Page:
Here’s my rookie effort at a campaign diagram (page 1 only). This was at its very worst. I have since revised the diagram many times to simplify and better communicate how we will be setting up all of the assets in our different systems. Nonetheless, you have to go this far if you want to pre-plan an automated campaign. This has been an awesome learning experience. I’m very much looking forward to the campaign launch and finding out how effective each little block in the diagram will or will not be. Stay tuned.

Posted in: B2B Inbound Marketing, Interactive Marketing for Staffing Firms, Marketing skills, Marketing Strategy | 1 Comment »
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This Guy is Bustin’ Interactive Marketing Knowledge

Fri, 18 April 2008

Check out more of the Poetic Prophet, m0serious on YouTube. He raps about the nuances of Search Engine Optimization, paid search, and link building and campaign conversion. I actually get more information out of listening to his raps than most “real” webinars. I think it’s because very few words must be chosen to get across big ideas. This is not a skill most public speakers have mastered.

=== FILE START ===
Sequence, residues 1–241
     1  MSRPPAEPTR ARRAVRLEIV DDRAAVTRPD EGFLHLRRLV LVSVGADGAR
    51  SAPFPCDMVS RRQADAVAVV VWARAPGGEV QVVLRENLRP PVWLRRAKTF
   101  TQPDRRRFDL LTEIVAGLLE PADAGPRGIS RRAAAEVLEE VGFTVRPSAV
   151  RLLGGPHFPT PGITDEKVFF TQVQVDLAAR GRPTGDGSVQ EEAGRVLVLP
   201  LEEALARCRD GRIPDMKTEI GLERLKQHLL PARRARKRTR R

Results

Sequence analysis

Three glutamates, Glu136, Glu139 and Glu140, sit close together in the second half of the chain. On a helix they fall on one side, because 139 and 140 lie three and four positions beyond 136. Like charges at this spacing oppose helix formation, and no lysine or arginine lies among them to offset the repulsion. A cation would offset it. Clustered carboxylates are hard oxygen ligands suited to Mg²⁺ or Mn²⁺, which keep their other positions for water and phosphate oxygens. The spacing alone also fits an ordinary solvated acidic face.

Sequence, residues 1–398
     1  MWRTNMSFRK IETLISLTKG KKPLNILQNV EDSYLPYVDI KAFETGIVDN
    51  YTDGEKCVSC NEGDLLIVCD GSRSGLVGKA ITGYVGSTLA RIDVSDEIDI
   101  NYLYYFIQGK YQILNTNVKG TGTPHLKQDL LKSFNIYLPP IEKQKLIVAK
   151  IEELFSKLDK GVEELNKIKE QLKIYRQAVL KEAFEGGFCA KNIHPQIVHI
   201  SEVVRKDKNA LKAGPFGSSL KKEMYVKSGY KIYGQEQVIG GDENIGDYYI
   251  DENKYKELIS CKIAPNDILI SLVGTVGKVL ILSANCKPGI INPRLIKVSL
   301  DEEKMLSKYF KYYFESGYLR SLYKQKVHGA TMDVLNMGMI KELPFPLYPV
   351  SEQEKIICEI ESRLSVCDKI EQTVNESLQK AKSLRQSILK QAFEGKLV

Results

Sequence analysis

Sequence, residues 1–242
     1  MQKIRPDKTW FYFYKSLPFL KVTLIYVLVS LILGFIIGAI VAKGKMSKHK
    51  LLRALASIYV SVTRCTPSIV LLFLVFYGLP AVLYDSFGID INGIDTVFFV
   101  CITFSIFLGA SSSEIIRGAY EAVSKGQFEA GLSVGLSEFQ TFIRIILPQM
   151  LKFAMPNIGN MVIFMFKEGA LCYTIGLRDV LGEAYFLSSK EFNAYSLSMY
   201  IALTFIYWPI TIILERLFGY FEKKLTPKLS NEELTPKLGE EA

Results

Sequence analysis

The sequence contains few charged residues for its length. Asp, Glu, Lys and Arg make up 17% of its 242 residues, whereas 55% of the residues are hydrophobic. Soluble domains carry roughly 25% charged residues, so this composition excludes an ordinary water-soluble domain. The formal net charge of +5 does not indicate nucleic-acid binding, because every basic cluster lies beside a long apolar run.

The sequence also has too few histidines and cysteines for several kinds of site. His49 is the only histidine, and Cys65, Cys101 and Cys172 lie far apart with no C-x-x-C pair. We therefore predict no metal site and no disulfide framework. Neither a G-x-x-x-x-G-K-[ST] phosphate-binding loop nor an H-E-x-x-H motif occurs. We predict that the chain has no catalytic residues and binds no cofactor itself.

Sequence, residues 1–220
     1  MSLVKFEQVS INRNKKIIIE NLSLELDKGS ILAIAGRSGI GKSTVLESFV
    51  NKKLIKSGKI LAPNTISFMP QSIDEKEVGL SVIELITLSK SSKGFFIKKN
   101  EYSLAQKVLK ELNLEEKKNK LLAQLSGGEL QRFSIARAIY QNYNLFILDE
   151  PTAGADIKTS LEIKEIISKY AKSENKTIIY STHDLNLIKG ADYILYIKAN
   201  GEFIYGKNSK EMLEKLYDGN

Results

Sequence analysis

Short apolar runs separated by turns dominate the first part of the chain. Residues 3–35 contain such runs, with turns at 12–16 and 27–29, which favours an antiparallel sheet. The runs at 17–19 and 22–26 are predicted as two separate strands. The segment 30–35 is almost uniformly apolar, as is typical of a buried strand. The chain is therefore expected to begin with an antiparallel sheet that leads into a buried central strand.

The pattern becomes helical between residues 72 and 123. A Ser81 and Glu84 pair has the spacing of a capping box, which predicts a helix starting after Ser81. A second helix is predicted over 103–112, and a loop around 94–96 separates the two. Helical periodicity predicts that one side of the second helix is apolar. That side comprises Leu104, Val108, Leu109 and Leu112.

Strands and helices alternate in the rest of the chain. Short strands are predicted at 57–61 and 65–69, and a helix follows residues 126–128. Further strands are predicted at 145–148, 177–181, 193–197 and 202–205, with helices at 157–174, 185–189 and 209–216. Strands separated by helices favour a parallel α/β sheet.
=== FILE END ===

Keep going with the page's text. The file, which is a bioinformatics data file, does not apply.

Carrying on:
Hat tip to Ann Handley of MarketingProfs.

Posted in: Interactive Marketing for Staffing Firms, Marketing skills, Staffing SEO/SEM | No Comments »
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Microsoft Excel in Marketing. Really?

Thu, 24 January 2008

Trust me when I say that I became interested in art, design, and now marketing because of my dislike of math. I came to this conclusion mid-way through my high school career as I examined which classes I liked best. At the time I was experimenting with the first Macs in art class, and spending the rest of my day trying to figure out what the hell an imaginary number was in AP Calculus. When it came time for college, the decision was easy. Head off to design school to “be creative” and leave all of that math stuff behind.

So, imagine my surprise 15 years later when I’m operating an application that I NEVER thought I would have to even look at; Microsoft Excel. I use Excel more right now than I use Photoshop. A tiny little piece of me dies inside when I click that little green X icon in my task tray. The first time I opened a brand new sheet, with its unending grid and unfamiliar map coordinates, was more intimidating than any blank canvas I’ve ever encountered.